- they are designed to keep both animal and handler safe
- they begin to build a positive relationship with the animal
- as their names imply, they are the foundation and core of all the other work to follow.
For Susan, the safety leans toward keeping the dog safe while for Alex, it leans more toward keeping the human safe, although I'm sure they would both agree with me that they go hand in hand. It's just that with dogs, some of the most frequent dangers are when they get away from us- so two of Susan's Core games focus on getting the dog to come back to us and then being able to get a hold of them when they do. With horses, we're back to the size factor. Head down and backing out of our space keep the horse calm and prevent them from running over us.
Managing the food is another component for both of them. Each of these masters have a game to address teaching the animal self control around food and how to take food politely. Both horses and dogs have teeth! But self control carries through into so many other areas of our training and management that it isn't just about the food.
By beginning with these games, a relationship is budding. Animals love to think, to learn, to interact with others and certainly to be rewarded for doing all of these things (learning isn't fun when it includes punishment). They look forward to the lessons and will come running to their person for more. The importance of having this type of relationship cannot be underestimated whether the long term goals are to have a competition animal or a companion animal.
Many trainers use clicker training to teach tricks or improve the quality of certain skills, but the real genius in the formats of both these women (as well as other professionals) is how their introductions serve as substructures for everything they do after this. While I do not compete in agility, I have already heard many references to start lines, contact points, front crosses and other mysterious terms and how a particular game relates to these skills. Likewise, I continue to be amazed at how Alex's work builds a well-balanced and physically stronger horse which helps no matter the future career path of the animal. The physique of young horses who have been started under her program is amazing...and they've not had restrictive tack put on to accomplish it.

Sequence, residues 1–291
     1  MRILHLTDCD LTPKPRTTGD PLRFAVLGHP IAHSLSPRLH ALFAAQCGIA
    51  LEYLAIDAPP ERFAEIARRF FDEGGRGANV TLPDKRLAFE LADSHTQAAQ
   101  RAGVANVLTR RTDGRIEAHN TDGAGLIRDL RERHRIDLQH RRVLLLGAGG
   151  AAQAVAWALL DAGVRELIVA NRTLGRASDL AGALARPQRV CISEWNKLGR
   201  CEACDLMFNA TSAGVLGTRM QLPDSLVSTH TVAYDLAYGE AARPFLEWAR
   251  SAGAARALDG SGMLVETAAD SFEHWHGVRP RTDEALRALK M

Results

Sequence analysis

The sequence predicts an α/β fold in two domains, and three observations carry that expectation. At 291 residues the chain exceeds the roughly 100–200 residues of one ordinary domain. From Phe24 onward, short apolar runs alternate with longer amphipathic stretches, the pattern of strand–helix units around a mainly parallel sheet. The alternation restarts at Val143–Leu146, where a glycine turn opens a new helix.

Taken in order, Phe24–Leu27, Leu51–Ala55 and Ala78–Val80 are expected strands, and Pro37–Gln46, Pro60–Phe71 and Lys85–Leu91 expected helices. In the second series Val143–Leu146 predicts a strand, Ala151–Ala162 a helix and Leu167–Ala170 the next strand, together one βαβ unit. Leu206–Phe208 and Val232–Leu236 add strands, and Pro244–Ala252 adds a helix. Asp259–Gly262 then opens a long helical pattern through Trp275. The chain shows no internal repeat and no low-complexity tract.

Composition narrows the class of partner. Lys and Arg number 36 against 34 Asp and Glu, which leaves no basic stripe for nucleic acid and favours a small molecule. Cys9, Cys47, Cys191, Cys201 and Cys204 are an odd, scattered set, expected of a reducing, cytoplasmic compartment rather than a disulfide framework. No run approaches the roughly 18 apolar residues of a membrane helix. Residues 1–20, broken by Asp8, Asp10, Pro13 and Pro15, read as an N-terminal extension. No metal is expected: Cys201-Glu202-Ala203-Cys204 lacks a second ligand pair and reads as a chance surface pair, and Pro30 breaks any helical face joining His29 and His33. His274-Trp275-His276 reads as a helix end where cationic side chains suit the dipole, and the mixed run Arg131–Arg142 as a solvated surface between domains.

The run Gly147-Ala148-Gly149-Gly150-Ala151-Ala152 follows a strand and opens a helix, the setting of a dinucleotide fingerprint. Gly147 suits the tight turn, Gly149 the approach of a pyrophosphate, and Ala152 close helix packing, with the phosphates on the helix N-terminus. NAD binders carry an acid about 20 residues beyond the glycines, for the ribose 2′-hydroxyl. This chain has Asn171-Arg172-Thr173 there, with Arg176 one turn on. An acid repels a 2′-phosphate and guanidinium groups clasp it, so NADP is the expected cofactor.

Both individuals stress the importance of revisiting these basics regularly. Many times we can (and should) build these basics into our daily routines. Certainly food manners are given ample practice opportunities. The problem is that I, for one, tend to get sloppy in my daily habits at times. I let less-than-ideal behavior slip by in an effort to get chores done and get on with life. Pretty soon, I see pushiness and impatience creep into the picture. A horse who grabs for the hay as I walk by, a dog who bursts out the door when it's open. I have no one to blame but myself. Fortunately, I have core foundation lessons to return to and if I'm smart, I'll not wait until things fall apart to do so.
Eloise showing self-control by staying in her crate with the door open and me lying on the floor with food! (sorry for the sideways...took it with the phone and too lazy to go through the hoops of importing it into a program to edit it!)